From fuel to insurance to car loan payments, driving is expensive. Most people don't think about hidden costs, however: the financial penalties involved with making a mistake and the far-reaching ramifications. If you're convicted of driving under the influence, it will not only affect your wallet through increased insurance rates and fines, but you might find it hinders your ability to earn a living as well.
Getting to Work
If your place of employment is a distance from your home, or if your job involves driving, your DUI is obviously going to have an practical and immediate effect. DUIs carry license suspensions, so you can't drive yourself to or from work. If you're lucky, you can afford daily taxi fare. You might have a close friend, family member or co-worker who's willing to give you a lift on a regular basis for a while, or public transportation might be easily accessible in your area. Otherwise, you won't be able to report to work to earn a living unless your state offers provisional or restricted licenses. These let you drive to work, but they usually come with exacting requirements. For example, whether you get one might depend on how many DUIs you've had.
What an employer can legally do about your DUI is a complicated matter. The federal government imposes some laws, and states often have their own statutes. Sometimes they overlap, and sometimes they contradict each other. As a general rule, a prospective employer can only question you regarding criminal convictions, such as for a DUI, and not about arrests. Unless you plead guilty, no contest, or a judge or jury eventually finds you guilty, you usually have no duty to divulge your brush with the law. If you are convicted of a DUI, some states allow an employer to weigh this factor, provided it directly affects your job or one you're applying for. Federal law allows this as well. State laws usually allow employers to do background checks on job applicants, so even if you're not questioned, it's possible that an employer will learn of your conviction anyway. To further complicate matters, in many states these laws only apply to government employers – private companies are exempt and can therefore set their own rules.
Even if an employer isn't supposed to ask you about a DUI arrest, it doesn't mean he won't. If he does, you're put in the uncomfortable position of lying or telling the truth. Some jobs require security clearance and if yours is one of these, you'll have no choice but to come clean. Otherwise, lying to an employer – even a potential one during the interview process – can legally get you fired regardless of your DUI. If you tell the truth, it might affect an employer's opinion of you. If he's a teetotaler, he might decline to hire you or terminate your position for an unrelated reason, never letting on that what he was really influenced by was the fact that you might have a drinking problem. If an employer is considering two equally qualified individuals, the fact that one has a DUI may well tip the scale toward hiring the other.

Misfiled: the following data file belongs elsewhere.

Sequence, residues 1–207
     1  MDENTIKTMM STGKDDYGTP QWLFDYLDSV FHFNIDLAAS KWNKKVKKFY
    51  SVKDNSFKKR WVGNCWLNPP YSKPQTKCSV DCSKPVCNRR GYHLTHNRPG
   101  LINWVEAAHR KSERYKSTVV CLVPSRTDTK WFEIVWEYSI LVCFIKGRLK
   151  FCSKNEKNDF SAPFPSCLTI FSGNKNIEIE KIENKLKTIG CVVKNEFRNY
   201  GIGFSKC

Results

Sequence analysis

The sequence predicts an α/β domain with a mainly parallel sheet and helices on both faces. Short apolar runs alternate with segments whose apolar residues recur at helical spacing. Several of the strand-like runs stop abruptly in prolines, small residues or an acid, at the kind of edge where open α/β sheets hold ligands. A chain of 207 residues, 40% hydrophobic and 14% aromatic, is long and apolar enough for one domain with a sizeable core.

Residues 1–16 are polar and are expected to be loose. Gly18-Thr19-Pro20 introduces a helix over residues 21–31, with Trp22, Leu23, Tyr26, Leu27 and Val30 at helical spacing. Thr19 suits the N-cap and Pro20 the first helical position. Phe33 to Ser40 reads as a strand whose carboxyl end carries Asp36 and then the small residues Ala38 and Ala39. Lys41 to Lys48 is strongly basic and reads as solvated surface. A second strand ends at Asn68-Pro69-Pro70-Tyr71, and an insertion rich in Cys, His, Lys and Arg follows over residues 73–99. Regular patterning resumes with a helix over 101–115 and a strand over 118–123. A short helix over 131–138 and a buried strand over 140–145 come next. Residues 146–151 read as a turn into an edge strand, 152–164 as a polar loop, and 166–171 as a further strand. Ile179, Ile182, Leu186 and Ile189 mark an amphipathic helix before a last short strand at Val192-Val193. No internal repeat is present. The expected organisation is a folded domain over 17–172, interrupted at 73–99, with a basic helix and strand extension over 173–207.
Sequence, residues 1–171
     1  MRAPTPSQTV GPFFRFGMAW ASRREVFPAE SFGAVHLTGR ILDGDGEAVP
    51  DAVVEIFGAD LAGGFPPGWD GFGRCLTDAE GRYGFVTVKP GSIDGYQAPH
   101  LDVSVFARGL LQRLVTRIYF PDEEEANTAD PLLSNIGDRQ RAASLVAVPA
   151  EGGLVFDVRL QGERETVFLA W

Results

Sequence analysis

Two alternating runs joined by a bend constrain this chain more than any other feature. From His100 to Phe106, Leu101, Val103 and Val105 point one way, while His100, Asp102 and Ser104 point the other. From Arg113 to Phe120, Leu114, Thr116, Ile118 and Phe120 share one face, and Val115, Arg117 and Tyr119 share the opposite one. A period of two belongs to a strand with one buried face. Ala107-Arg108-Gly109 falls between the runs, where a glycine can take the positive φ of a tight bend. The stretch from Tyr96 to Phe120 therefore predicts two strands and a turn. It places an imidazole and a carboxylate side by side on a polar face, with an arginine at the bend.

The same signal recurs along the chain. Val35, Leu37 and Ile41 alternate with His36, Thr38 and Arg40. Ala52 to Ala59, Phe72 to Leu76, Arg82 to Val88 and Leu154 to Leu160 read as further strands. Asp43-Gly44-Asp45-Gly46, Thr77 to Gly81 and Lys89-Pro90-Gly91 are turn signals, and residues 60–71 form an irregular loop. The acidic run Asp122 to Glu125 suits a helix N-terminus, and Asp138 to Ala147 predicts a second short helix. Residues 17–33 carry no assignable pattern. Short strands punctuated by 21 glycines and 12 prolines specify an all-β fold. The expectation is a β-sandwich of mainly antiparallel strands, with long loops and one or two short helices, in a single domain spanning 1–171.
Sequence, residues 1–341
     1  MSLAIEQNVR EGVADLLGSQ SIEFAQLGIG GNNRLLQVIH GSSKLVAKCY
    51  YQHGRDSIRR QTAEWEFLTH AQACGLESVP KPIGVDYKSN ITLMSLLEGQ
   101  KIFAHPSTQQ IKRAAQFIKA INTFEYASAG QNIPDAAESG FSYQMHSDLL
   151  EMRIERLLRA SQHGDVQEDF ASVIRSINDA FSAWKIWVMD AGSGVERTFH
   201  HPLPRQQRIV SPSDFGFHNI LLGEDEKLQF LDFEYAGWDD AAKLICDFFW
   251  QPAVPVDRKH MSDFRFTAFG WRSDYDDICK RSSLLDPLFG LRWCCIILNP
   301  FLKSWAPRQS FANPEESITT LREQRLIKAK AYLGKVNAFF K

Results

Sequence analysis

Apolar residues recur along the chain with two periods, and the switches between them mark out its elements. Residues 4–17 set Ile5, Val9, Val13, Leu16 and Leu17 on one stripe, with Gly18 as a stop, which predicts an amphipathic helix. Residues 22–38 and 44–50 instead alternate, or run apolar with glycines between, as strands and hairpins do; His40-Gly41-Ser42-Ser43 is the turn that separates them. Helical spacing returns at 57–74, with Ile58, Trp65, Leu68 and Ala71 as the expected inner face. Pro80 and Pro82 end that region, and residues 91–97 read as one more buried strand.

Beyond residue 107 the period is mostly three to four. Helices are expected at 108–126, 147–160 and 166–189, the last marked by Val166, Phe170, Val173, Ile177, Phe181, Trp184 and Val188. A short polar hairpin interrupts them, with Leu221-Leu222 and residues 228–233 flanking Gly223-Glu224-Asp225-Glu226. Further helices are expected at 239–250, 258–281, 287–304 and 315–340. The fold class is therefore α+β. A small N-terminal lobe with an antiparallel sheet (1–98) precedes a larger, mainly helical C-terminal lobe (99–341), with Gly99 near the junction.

Even if your DUI is a conviction, not just an arrest, all may not be lost. Some states allow you to apply for a certificate of rehabilitation afterward, which might affect how an employer views your conviction. For employment purposes, these certificates effectively erase your conviction as though it never happened. An employer is not allowed to consider it. You might also want to talk to an attorney about expunging your record so your conviction won't appear on a background check. The rules regarding expungements depend on where you live, so you might need legal advice to find out if this is a viable alternative in your state.
- Law Office of Thomas P. Hogan: How a DUI Conviction Affects Employment
- Pennsylvania DUI Blog: The Verdict Is You're Fired – How a DUI Affects Your Employment
- Bloomberg Businessweek: One DUI Shouldn't End a Career
- American Lawyer Academy: California DUI and Employment
- Tennessee Department of Safety and Homeland Security: Restricted License Information
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